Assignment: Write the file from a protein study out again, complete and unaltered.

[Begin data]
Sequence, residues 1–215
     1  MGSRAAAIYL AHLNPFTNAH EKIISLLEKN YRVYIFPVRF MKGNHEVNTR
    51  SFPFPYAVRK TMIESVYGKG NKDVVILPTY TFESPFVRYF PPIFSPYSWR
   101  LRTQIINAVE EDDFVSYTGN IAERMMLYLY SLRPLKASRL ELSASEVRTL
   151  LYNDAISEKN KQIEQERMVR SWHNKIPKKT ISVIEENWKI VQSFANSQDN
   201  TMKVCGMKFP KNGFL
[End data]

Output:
Sequence, residues 1–215
     1  MGSRAAAIYL AHLNPFTNAH EKIISLLEKN YRVYIFPVRF MKGNHEVNTR
    51  SFPFPYAVRK TMIESVYGKG NKDVVILPTY TFESPFVRYF PPIFSPYSWR
   101  LRTQIINAVE EDDFVSYTGN IAERMMLYLY SLRPLKASRL ELSASEVRTL
   151  LYNDAISEKN KQIEQERMVR SWHNKIPKKT ISVIEENWKI VQSFANSQDN
   201  TMKVCGMKFP KNGFL